About the showAlthough Samuel Beckett's All That Fall is a play listed in head Guardian theatre critic, Michael Billington's, book of 'The 101 Greatest Plays', it is rare to see a production of it in London's West End. Originally written as a radio play, the Beckett estate have been protective of the material, ensuring that it is not performed unless kept true to the great avant-garde playwright's original intentions.
It has driven acclaimed director, Max Stafford-Clark, and his company, Out of Joint, to blindfold their audiences in order to replicate the original auditory focus.
Whether Beckett would have approved of this or dismissed it as merely just a loophole is anyone's guess, however it provides a unique experience which is incomparable to any other show in the West End currently. Audiences are quite literally placed within the centre of the drama, as the actors' voices wander around the space in order to create a 360 degree soundscape, which even Beckett's original could not aspire (with his radio production being broadcast even in pre-stereo days).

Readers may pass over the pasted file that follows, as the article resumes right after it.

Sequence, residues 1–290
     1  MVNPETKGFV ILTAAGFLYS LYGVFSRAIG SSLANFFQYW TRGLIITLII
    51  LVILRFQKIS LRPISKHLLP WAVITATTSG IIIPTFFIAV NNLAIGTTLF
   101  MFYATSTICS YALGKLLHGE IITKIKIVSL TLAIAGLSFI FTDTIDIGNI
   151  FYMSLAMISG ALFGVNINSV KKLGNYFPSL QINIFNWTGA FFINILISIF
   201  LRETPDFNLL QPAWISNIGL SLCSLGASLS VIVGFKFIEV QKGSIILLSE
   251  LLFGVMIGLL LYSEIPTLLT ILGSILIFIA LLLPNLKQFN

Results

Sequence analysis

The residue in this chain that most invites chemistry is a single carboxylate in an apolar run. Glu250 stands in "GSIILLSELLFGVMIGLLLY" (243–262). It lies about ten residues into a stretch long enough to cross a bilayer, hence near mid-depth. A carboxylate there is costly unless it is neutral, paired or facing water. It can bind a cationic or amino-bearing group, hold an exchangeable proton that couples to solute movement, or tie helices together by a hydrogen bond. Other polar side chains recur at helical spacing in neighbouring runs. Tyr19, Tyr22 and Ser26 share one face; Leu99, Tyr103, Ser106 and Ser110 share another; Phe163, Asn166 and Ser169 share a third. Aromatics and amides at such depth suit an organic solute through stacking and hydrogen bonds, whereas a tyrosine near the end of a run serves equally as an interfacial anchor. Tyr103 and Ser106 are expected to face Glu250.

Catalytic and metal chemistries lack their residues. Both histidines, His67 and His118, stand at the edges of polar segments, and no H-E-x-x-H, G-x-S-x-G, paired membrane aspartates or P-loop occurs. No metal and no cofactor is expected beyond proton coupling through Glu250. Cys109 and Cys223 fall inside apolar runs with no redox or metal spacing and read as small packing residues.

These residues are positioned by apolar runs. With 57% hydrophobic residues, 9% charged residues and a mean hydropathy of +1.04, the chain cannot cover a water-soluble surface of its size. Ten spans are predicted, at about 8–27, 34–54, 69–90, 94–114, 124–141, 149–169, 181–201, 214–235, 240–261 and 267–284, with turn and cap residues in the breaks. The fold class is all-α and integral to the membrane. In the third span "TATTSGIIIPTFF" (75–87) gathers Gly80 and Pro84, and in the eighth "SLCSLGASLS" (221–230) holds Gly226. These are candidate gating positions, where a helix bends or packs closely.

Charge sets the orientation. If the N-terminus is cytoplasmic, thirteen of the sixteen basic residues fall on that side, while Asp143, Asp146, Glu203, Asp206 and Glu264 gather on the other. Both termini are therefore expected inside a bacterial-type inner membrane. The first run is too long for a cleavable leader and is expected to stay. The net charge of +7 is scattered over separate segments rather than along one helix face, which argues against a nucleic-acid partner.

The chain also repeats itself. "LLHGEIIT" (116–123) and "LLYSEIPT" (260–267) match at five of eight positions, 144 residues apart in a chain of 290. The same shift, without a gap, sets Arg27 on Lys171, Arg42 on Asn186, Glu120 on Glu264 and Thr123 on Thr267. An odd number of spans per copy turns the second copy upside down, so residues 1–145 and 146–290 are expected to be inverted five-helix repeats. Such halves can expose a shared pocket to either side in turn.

This one act play follows the faltering journey of the elderly Maddy Rooney, as she travels to the train station to surprise her blind husband Dan for his birthday. Being both helped and hindered by a series of strangers, by the time she is united with her husband, the plot takes a disconcerting and unsettling turn.
Tony Award-winner Bríd Brennan (The Veil, Brooklyn) takes the lead role of Maddy Rooney, while Adrian Dunbar (The Line of Duty) plays her husband Dan, with Killian Burke, Tara Flynn, Frank Laverty, Gary Lilburn and Ciaran McIntyre in supporting parts.
Following the great success of its original run at Wilton's Music Hall, All That Fall has received a West End transfer to the Arts Theatre and is a must see (or hear) for any Beckett fan.